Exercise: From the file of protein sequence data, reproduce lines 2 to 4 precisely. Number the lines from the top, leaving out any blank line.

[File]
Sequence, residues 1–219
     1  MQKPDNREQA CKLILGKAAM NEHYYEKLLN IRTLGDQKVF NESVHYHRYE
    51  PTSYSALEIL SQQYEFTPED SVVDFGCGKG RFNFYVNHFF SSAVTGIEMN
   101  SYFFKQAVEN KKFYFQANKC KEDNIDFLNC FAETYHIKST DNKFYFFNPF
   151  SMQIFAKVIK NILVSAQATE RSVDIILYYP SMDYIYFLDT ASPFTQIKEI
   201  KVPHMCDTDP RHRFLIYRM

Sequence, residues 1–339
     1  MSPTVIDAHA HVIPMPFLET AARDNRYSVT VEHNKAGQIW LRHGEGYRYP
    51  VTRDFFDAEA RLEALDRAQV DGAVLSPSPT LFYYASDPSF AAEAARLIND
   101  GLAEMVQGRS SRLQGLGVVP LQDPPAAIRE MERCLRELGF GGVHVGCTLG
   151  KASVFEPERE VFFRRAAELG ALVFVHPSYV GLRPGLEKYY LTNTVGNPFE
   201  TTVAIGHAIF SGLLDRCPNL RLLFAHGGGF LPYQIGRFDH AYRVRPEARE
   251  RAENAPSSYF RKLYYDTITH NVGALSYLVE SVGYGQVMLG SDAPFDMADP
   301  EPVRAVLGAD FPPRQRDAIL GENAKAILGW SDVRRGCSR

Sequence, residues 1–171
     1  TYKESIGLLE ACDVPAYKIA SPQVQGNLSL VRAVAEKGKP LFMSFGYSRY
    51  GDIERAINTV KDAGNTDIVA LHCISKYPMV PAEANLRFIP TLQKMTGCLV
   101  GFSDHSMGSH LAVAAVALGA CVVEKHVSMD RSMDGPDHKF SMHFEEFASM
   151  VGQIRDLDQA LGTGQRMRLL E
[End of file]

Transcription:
     1  MQKPDNREQA CKLILGKAAM NEHYYEKLLN IRTLGDQKVF NESVHYHRYE
    51  PTSYSALEIL SQQYEFTPED SVVDFGCGKG RFNFYVNHFF SSAVTGIEMN
   101  SYFFKQAVEN KKFYFQANKC KEDNIDFLNC FAETYHIKST DNKFYFFNPF